The origins of one of the free trade agreements, AFTA can be traced back to 1992, when it was initiated by ASEAN at the fourth Summit in Singapore. The agreement presented a comprehensive program of regional tariff reduction to be implemented through 2008. Since its introduction the program was broadened and accelerated, which also implies the initiation of AFTA Plus activities host, including efforts to harmonize valuation, procedures and customs nomenclature, to develop common product certification standards and eliminate quantitative restrictions and barriers. An industrial complementation scheme for encouraging intra-regional investment was approved and steps were made to create a free investment area within this region.
The ASEAN Free Trade Area, along with other initiatives for promoting regional economic integration has been long supported by the US ASEAN Business Council, whose members indicated that with a population of more than half a billion and ten integrated markets, ASEAN would be more attractive to large-scale investment as compared to relatively small markets.
Like other free trade agreements in Asia, ASEAN Free Trade Area aims at eliminating non-tariff barriers and promoting trade and investment. In addition, AFTA primary goals seek to increase the competitive edge of ASEAN as a production base in the world market and attract more foreign investment to it. The basic mechanism for achieving these goals is the Common Effective Preferential Tariff Scheme designed with the purpose to increase competitive advantage of the region as a production base for the world market.
It is the mechanism, by which tariffs on services and goods traded within ASEAN region, will be reduced to 5% by 2007 for Vietnam, 2009 for Myanmar and Laos and 2010 for Cambodia. All ASEAN members have now opportunity to exclude products from the Common Effective Preferential Tariff in three cases, namely temporary exclusions, sensitive agricultural products and general exceptions. Temporary exclusions generally refer to products which are protected by delay in tariff reductions, and for which tariffs will be lowered to 5%.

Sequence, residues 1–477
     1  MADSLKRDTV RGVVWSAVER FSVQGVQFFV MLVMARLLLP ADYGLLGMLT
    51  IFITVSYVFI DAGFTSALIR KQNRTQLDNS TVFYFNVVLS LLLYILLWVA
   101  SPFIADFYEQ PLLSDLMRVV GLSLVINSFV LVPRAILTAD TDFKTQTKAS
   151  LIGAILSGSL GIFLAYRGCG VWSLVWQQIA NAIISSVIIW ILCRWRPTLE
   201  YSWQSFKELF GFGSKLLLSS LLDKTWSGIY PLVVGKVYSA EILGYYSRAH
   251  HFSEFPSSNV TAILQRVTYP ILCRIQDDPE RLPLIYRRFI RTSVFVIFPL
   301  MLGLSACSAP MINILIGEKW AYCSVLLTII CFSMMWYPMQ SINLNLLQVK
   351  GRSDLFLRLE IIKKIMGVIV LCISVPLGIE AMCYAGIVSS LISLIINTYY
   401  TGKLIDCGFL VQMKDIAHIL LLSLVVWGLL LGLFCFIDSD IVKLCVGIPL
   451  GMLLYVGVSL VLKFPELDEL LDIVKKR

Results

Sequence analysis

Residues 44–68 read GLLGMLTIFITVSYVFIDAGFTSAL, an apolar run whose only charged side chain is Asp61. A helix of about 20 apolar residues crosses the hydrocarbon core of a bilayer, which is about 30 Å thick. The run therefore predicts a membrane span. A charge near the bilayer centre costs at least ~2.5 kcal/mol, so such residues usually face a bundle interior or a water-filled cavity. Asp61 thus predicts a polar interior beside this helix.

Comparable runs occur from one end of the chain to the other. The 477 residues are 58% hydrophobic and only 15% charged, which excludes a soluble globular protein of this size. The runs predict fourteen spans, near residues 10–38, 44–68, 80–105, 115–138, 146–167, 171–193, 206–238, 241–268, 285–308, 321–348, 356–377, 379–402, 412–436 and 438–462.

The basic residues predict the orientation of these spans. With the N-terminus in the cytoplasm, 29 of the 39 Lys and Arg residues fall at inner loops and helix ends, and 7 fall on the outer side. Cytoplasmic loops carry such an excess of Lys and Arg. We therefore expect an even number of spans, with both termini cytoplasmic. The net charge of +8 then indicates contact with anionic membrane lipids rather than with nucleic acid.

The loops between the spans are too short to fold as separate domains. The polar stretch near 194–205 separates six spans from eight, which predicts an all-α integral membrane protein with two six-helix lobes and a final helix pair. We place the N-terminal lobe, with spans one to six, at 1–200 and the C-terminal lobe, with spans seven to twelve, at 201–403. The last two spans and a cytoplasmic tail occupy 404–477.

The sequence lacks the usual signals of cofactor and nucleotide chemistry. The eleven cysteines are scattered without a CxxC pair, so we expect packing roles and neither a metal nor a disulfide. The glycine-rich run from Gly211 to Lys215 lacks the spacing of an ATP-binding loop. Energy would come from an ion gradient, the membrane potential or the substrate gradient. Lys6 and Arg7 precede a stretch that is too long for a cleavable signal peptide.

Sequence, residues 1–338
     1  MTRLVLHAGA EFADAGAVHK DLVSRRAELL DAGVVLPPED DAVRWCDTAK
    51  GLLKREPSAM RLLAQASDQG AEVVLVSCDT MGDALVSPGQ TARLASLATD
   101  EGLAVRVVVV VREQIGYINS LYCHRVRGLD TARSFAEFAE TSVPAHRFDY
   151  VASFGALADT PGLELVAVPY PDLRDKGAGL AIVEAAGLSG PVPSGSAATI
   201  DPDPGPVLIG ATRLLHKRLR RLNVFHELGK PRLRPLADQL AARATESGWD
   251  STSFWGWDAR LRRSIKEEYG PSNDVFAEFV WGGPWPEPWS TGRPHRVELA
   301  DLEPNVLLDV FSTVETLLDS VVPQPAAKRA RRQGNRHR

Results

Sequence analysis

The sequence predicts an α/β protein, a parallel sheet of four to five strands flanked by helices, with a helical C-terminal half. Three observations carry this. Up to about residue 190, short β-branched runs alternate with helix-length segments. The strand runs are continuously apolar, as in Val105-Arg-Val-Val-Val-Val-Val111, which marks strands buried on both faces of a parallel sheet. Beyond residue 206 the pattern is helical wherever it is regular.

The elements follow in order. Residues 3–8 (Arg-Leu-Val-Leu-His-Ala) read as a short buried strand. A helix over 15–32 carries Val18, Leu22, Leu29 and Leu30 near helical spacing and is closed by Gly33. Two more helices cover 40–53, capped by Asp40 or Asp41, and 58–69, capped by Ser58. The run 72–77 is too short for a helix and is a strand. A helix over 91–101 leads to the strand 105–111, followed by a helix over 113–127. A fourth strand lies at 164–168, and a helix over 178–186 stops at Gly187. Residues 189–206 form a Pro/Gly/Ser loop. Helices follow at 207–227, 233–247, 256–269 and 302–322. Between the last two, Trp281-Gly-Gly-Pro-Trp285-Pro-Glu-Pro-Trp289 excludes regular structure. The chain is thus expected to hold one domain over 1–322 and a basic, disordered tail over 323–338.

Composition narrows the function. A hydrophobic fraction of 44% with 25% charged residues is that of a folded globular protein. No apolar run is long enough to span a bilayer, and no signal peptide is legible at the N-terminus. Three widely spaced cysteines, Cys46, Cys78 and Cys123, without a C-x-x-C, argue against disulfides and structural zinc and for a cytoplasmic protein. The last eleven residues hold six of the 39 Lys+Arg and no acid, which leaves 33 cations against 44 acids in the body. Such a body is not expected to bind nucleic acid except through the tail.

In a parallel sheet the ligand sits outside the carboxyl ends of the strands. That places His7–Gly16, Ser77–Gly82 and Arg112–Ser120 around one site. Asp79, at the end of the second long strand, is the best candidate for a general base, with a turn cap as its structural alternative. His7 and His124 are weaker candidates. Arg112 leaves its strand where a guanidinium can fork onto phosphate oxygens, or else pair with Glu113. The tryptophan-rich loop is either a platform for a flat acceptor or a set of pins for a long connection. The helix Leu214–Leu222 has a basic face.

This is possible under AFTA free trade agreements and is explained in a Protocol Regarding Implementation of CEPT Scheme Temporary Exclusion List. A small percentage of sensitive agricultural products will be extended by 2010 for the integration into CEPT scheme. The process of tariff reduction on such products started between 2000 - 2005, depending on the product and the country. According to AFTA free trade agreements, general exceptions refer to products that are considered to be necessary for protection of health, human, animal and plant life, and protection of articles of archeological, historic and artistic value. Nearly 1% of ASEAN tariff lines fall into this category.
One of the important features of the ASEAN economic co-operation is ASEAN Industrial Cooperation Scheme, designed to encourage technology-based investments in the region and is open to any company that meets the following requirements: operating in one of ASEAN countries, engages in some form of resource sharing and more.